Open G tuning
The open G tuning is popular among guitar players who favor blues styles. It gives a slightly different sound than normal. The many straightforward movable shapes make some chords very easy to memorize and it also gives chromatic possibilities.
To get the open G tuning on your guitar you tune it like this: DGDGBD. The strings that differ from the standard should be turned so the string tension is decreased and not the opposite.
Including an octave perspective, the tuning is written D2-G2-D3-G3-B3-D4, meaning that the lowest string is a D note on the second octave, the second lowest string is a G note on the second octave and so on. Standard tuning reference: E2-A2-D3-G3-B3-E4.
Major chords (movable shapes)
All you have to do is to lay your fingers over the strings and avoid playing on the lowest string (this will not be incorrect, but the chord will be inverted in the way the bass note will be the 5th instead of the root).
The shapes are movable, so if you move the finger two steps up the fretboard from D major you will get an E major. All common major chords in Open G with movable shapes:
F: X 10 10 10 10 10
The G major chord could also be played with all six strings open, resulting in G7/D.
Here are some additional open chords and voicings in open G tuning:
See below for pdf chord chart ("Essential Chords in Open G Tuning ebook") for many more movable chords, voicings, progressions etc.
Blues in G
One of the most common things to play with the Open G tuning is blues in the key of G. Put the slide on your ring or little finger and shift between G on the 12th fret and C and D.
7th chords (movable shapes)
The seventh chords are also movable and you just add another tone in front of the barre finger three frets up. To get a maj7 chord, just add the finger on the highest string one fret up. An alternative is A7 as X22255.
Two ways to play a blues shuffle is using these building blocks (examples for C):
C: X5555X / C5: XX55XX
Minor chords (movable shapes)
While major chords can be extremely easy in this tuning when it comes to movable bar shapes, the minor chords are trickier. You probably recognize the Am-shape here, but besides the fingers in the Am-shape you add two notes on the bass strings by placing the thumb over both the strings. If you want, you can leave out the 6th string to avoid playing the chords inverted.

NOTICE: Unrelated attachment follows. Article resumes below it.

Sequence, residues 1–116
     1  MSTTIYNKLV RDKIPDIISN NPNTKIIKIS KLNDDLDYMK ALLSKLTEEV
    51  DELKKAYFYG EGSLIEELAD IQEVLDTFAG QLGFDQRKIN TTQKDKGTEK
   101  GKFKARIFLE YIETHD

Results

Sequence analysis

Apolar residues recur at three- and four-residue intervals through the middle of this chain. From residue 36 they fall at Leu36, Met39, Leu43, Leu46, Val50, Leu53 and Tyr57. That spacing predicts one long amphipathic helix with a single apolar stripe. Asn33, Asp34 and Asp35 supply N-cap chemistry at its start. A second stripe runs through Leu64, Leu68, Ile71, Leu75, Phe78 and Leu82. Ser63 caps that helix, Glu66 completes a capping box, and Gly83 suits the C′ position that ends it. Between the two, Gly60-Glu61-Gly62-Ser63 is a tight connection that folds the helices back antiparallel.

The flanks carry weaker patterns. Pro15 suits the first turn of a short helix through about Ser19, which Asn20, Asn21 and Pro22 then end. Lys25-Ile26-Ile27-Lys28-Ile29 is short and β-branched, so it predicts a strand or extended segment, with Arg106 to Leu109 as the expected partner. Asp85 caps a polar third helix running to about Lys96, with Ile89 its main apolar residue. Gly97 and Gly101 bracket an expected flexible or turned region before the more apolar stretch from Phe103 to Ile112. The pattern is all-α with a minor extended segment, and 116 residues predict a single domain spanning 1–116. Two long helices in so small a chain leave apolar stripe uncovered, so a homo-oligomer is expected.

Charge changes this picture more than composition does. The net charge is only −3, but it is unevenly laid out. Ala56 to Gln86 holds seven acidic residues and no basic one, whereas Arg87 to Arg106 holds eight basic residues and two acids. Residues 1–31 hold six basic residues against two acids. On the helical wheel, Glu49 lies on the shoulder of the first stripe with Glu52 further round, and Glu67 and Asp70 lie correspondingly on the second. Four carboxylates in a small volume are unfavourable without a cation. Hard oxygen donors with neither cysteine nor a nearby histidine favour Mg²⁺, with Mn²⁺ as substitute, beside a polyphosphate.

You could instead use open position chords, which in most cases are more natural for the fingers.
Sometimes the Open G tuning is modified to EGBDGB, which can be seen as an Em7 (or G/E) tuning and makes it easier to create minor chords whereas the 6th string is not involve in several major chords.
Minor chords (open positions)
Em could also be played including all strings as 202002. Bm could also be played as an inverted two-finger chord as XX2200.
Sus and add chords (movable shapes)
The same method is used once again for sus and add chords. To get a Bsus4/Badd2 just move the whole shape one fret up the fretboard. The same thing with Badd2. Another movable chord related to these are sus4sus2. For example Asus4sus2 is played as X22432.
In addition, A7sus4 is played as X25232, which can be combined with A (X22222) and A6sus4 (X24232).
Chords with pedal points
A theme that works very well with open tunings are pedal points. The charts above show only two of many options. A chord progression involving these chord could be: G (Xooo0x) - C/G - Cadd9/G - G.
This was an introduction about chords in open G tuning. If you want to go more into depth of this particular guitar tuning, see Essential Chords in Open G Tuning with over 300 chord diagrams (ebook with pdf chord charts).
See also open D tuning and open A tuning